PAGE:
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Outskirts of Hope: How Ohio's Debtors' Prisons Are Ruining Lives and Costing Communities

NCJ Number
Date Published
April 2013
24 pages
This report documents how contemporary "debtors' prisons" work in Ohio and profiles some of the people who have been impacted by this system.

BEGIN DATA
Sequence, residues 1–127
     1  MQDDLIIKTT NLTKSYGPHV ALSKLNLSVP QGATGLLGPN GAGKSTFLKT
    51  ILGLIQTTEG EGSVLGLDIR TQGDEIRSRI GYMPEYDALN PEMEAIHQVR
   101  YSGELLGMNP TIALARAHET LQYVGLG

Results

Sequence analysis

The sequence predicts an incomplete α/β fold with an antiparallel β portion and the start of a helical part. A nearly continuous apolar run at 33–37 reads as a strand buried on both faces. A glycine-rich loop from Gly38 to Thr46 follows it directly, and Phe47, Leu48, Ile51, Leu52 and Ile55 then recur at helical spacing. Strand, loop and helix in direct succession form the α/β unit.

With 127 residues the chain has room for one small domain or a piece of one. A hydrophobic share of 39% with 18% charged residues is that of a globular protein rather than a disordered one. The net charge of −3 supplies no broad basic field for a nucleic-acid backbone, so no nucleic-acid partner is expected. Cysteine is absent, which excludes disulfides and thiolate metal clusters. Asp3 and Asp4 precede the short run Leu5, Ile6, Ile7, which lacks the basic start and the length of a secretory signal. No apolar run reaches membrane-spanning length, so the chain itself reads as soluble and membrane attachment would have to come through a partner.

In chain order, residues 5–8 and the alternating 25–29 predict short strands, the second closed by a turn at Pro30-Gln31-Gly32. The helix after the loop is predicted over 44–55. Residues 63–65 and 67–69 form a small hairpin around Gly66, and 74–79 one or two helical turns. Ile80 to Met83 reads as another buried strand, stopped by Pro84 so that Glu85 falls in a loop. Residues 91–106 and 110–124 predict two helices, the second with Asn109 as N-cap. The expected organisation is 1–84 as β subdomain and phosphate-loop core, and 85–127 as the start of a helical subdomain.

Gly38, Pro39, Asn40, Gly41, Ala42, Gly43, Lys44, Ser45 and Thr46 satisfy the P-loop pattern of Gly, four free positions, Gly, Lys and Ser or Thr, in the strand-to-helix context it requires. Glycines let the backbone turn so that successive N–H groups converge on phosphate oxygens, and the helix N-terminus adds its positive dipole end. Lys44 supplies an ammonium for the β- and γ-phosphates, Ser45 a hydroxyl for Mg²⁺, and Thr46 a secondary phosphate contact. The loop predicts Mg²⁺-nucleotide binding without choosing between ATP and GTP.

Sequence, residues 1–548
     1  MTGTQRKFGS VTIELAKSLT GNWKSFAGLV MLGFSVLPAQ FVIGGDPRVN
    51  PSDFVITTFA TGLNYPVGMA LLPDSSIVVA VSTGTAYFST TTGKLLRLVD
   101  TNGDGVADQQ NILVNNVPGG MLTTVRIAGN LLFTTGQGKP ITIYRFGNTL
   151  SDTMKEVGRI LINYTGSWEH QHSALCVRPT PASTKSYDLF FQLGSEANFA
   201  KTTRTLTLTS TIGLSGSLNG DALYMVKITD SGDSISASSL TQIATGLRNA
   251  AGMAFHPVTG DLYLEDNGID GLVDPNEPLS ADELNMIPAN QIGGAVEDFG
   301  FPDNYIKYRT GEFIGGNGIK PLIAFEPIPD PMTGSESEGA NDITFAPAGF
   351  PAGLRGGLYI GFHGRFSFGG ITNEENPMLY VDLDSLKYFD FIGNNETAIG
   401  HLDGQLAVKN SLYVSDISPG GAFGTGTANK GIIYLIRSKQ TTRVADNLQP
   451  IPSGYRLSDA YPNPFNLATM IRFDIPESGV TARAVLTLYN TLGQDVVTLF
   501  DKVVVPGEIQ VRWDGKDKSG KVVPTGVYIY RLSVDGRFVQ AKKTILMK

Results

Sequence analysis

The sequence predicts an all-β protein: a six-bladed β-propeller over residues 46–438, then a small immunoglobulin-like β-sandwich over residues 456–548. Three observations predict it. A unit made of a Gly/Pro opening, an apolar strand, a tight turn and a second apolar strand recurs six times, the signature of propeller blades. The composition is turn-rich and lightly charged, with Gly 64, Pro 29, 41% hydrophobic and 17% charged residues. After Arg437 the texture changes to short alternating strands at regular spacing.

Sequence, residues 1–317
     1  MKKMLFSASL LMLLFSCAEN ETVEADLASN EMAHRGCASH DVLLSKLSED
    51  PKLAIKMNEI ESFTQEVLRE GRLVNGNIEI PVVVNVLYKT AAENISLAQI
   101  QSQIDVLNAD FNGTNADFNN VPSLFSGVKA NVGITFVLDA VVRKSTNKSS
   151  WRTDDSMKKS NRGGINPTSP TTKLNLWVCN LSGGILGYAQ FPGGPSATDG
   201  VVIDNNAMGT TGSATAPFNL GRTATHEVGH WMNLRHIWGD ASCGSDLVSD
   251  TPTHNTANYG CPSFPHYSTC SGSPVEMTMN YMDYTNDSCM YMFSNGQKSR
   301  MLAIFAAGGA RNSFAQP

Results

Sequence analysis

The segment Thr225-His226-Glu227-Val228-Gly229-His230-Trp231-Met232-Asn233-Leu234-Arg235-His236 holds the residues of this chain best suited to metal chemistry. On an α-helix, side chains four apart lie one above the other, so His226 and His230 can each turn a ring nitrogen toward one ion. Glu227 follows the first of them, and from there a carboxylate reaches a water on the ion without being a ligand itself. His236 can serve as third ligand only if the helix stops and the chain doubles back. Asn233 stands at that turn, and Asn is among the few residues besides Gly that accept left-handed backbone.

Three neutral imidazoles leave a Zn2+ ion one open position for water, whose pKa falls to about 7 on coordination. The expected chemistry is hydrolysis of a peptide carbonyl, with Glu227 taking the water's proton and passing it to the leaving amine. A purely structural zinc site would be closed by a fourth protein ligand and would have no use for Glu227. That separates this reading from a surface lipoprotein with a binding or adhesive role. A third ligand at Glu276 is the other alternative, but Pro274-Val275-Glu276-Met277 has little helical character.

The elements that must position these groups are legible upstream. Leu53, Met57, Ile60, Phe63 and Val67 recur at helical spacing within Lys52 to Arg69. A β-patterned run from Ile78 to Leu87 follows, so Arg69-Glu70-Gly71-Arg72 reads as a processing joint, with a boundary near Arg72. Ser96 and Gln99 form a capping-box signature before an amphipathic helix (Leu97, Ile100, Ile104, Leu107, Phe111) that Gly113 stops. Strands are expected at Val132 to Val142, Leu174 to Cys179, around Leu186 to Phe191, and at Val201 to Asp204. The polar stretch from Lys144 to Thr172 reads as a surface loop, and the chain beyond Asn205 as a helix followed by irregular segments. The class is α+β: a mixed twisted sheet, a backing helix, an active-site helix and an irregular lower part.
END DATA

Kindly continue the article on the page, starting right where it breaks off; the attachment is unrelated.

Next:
In 2013, Ohioans are jailed for being too poor to pay fines. The U.S. Constitution, the Ohio Constitution, and the Ohio Revised Code all prohibit debtors' prisons. The law requires that before jailing anyone for unpaid fines, courts must determine whether an individual is too poor to pay. Jailing a person who is financially unable to pay a fine violates the law. Yet municipal courts and mayors' courts across Ohio continue this practice. In doing so, they are not only violating the law, they are wasting tax dollars by arresting and incarcerating people at a cost that exceeds the fine amount. In addition, the practice is ineffective in achieving its goal, i.e., to collect unpaid fines, since those being jailed are too poor to pay their fine. This report presents the case histories of Ohioans who have lost their jobs, their homes, their health, and time spent with their young children, all as a direct result of being jailed because they cannot afford to pay court-imposed fines. This report recommends that the Ohio Supreme Court promulgate clear rules that will end debtors' prisons in Ohio and hold accountable any court that continues to flout the law. As part of the Supreme Court's guidelines, it should require that when jail time is an issue in the failure to pay a fine, the court must hold the legally required hearing that will determine whether the defendant has the financial resources to pay the fine, but is willfully refusing to do so. Even in such cases, the court must credit $50 toward payment of the fine per day of incarceration. 24 references